Whether you’re looking to move into your first retail space or you’ve outgrown your current space and need something larger, signing a business lease is an exciting and stressful time for any retail business.
At first glance, it may seem like costs would be the primary factor when considering rental spaces. However, when you’re looking for the right space, there are a few things to keep top of mind:
- Location, location, location: Do your research! Find where your audience is spending their time and where your competitors are having success. You can find demographic information through a real estate company, census data, analytics for visitors to your ecommerce site, and combing through your own customer data you’ve collected in your point-of-sale system.
- Size matters: Figure out how much square footage you need before you start looking at spaces, you don’t want to fall in love with something that doesn’t work for your needs. You can get a sense of the amount of space you’ll need by examining your inventory, analyzing the average size of spaces in the area you want to rent, and/or creating a rough plan of your intended store layout.
- Look into business lease timeframes: Most retail lease terms require businesses to sign multi-year agreements. If you’re just starting out and want to test the market before locking into a multi-year business lease, consider running a pop-up shop to get a feel for things. For more on how to negotiate a short-term lease for a pop-up shop, check out our post How to Successfully Close the Deal on Your First Pop-Up Location.
Once you’ve completed all your research and you’ve found the perfect location for your retail business, then comes the all the necessary paperwork. Negotiating a lease for your business doesn’t need to be daunting — there are just a few things to keep in mind to make the process smooth so you can stay focused on the excitement of opening your new location.
Getting Started With Your Business Lease
First things first: who are you dealing with for the negotiating process? Whether you’re leasing a small storefront or a large warehouse in a commercial compound will affect the amount of negotiating that you can do. In a recent Entrepreneur article, retail business owner and consultant Ronald L. Bond explains: “Obviously, it's simpler if you're dealing with an individual owner who's very flexible or a large corporation whose policies allow for no negotiations.”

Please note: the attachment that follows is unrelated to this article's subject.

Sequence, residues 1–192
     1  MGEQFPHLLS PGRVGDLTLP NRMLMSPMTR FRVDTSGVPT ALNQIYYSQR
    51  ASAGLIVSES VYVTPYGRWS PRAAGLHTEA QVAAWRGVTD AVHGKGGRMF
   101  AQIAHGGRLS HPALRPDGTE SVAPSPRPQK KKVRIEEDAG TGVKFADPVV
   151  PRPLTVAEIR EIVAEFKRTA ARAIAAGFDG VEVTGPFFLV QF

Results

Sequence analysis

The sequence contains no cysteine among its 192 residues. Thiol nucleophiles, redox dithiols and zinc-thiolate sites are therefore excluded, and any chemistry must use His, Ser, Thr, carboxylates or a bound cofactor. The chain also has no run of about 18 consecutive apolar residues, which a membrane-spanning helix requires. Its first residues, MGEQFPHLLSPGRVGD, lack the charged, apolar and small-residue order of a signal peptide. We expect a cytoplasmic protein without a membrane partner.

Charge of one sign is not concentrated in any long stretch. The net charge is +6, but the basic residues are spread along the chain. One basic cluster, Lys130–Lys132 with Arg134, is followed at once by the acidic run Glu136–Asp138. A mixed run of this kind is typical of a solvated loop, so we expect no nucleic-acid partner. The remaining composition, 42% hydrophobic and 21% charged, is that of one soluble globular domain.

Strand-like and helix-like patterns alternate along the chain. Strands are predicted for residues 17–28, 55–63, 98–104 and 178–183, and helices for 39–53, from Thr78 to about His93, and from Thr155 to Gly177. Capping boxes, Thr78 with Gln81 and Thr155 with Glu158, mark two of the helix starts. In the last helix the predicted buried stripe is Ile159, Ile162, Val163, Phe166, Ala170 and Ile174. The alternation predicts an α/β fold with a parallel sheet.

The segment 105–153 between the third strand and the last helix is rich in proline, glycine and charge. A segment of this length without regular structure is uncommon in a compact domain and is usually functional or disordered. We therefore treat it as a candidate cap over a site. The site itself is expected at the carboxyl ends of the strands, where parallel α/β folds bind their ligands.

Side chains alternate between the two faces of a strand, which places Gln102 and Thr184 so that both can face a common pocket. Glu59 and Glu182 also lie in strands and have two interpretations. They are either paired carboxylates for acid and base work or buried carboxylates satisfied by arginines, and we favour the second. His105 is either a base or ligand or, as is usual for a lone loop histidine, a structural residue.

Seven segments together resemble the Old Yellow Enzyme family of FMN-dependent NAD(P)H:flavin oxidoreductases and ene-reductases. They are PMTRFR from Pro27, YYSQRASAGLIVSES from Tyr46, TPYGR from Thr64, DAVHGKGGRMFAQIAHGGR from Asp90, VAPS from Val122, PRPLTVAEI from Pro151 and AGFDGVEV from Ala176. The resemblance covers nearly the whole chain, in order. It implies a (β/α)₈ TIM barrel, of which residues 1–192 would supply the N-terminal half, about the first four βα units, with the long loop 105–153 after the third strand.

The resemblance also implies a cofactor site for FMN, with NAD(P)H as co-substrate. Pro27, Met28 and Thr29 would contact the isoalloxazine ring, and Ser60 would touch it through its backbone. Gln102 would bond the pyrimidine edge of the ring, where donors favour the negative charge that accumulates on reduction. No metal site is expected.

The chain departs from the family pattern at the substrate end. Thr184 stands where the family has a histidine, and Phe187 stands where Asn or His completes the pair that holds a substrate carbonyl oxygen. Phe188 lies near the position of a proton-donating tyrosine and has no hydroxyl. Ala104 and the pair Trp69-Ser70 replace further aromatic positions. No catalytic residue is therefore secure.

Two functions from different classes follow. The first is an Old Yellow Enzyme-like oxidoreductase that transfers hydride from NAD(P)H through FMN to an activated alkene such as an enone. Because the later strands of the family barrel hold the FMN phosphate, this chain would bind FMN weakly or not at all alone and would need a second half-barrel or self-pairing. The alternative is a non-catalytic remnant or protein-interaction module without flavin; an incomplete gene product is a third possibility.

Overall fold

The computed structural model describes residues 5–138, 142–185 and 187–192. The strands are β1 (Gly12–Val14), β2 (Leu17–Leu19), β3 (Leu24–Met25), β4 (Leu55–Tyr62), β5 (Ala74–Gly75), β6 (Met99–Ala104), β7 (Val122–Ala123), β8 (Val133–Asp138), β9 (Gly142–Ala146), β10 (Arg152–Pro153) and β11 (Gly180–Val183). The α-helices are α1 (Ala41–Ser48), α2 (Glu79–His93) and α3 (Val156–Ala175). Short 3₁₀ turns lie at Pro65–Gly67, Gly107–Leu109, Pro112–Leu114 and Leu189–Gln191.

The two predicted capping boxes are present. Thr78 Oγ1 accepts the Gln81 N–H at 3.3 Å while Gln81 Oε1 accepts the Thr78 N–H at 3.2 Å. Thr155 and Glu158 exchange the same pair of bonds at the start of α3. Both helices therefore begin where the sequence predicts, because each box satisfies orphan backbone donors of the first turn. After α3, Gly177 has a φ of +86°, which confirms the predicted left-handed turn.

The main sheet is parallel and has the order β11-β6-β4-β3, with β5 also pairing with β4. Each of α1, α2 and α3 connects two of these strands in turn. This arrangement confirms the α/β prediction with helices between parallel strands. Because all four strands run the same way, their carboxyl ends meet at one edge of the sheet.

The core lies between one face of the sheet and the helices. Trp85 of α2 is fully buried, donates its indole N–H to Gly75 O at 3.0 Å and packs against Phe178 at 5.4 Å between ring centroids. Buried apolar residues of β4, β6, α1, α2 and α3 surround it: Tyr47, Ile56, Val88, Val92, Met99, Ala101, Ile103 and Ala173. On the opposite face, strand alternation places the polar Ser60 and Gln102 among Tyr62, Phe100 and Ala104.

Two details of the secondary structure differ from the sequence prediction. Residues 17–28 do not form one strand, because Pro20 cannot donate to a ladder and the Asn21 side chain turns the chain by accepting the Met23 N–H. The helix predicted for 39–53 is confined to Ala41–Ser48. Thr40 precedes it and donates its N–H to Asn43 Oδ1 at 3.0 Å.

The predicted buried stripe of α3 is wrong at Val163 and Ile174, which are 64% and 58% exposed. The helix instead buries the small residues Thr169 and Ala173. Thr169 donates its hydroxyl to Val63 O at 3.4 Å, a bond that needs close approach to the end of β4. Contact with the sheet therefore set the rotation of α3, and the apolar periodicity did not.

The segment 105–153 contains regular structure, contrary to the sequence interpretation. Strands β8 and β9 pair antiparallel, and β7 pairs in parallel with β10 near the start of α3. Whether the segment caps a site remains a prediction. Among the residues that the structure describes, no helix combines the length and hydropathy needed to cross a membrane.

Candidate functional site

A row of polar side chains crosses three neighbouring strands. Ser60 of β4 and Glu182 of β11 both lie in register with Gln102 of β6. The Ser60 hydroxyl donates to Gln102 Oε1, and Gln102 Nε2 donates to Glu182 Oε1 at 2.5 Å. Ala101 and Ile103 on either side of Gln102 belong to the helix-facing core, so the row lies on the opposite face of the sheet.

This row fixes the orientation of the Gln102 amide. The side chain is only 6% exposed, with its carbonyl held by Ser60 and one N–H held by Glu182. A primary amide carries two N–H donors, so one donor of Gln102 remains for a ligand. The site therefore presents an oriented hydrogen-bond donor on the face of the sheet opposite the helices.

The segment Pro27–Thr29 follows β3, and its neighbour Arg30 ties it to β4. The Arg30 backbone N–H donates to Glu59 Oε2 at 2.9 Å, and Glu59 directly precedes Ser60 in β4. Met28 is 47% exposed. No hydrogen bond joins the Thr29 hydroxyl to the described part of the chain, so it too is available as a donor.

Essentially, you could be dealing with a landlord who is an individual owner, a professional property management firm, or a representative from a real estate investment trust (REIT). Depending on the ownership of the property you’re eyeing, the process will differ a bit from one type of owner to another.
Depending on your comfort with negotiating, now is the time to decide if you want to move forward with the negotiating on your own or with the assistance of an agent. Bond warns: “After you receive the proposals from the leasing agents or center managers, don't let them pressure you into signing a lease prematurely.” Now is the time to negotiate the business lease rate, the lease term rate, and the clauses of the lease.
Next, you’ll want to work with an attorney to go over the business lease in detail. If you need to find an attorney, look for a local lawyer directory in your area or ask your lease agent to recommend one for your needs. So what should you be looking for when reviewing the lease with your attorney? Let’s take a look at the terms that you’ll be reviewing and negotiating.
What’s Included in a Business Lease?
When it comes to a contract as important as your retail lease agreement, ensure you’re covering all your bases. A recent Entrepreneur' summarizes a few essential items that should be included in a retail lease, such as:
- A basic term: The lessee — that's you — is obligated to pay for the space for a specific time period (usually three years or longer), whether or not your business survives that long.
- A basic rental rate: This is calculated per square foot or as a percentage of gross sales, whichever is greater. Typical rents may range from $.90 to $3 per square foot per month, or 6% of gross sales.